Sunflower – series
Screenprint on Hahnemüle paper
printed at AGA_LAB Amsterdam
all works 1/1
Sunflower studies: these giant flowers are one of the most obvious—as well as the prettiest—demonstrations of a hidden mathematical rule shaping the patterns of life: the Fibonacci sequence, a set in which each number is the sum of the previous two (1, 1, 2, 3, 5, 8, 13, 21, 34, 55, 89, 144, 233, 377, 610, …), found in everything from pineapples to pine cones. In this case, the telltale sign is the number of different seed spirals on the sunflower’s face. Count the clockwise and counterclockwise spirals that reach the outer edge, and you’ll usually find a pair of numbers from the sequence: 34 and 55, or 55 and 89, or—with very large sunflowers—89 and 144. Although the math may be beautiful, plant biologists have not worked out a mechanistic model that fully explains how the sunflower seed patterns arise.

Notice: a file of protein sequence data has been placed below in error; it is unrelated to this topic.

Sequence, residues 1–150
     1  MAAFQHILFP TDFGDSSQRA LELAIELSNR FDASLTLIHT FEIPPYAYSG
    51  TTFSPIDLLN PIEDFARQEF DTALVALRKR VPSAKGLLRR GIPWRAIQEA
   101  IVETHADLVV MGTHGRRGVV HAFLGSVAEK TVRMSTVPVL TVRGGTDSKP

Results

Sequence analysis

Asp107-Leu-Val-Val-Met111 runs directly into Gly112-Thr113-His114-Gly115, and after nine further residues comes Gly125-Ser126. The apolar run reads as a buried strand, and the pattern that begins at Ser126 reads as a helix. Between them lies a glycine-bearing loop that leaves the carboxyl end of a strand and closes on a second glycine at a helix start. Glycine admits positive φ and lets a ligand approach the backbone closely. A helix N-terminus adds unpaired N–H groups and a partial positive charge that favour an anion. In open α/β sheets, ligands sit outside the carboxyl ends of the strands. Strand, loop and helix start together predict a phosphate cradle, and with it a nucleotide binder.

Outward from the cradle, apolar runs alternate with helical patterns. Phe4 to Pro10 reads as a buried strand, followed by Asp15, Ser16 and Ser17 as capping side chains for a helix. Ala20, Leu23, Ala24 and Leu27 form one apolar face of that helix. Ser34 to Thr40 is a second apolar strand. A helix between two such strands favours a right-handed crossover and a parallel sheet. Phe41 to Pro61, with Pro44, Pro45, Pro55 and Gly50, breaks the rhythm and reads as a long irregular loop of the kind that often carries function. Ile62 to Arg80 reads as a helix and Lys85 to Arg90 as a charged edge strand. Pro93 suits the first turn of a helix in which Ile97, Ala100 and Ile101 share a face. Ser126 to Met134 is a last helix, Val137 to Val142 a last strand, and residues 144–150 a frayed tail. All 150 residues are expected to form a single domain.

During his ‘artist in residence’ at AGA_LAB in Amsterdam, Peim started experimenting with printing multiple in colours the sunflower pattern.
Peim’s works are generally based on grids and distortions making use of repetition as a compositional method.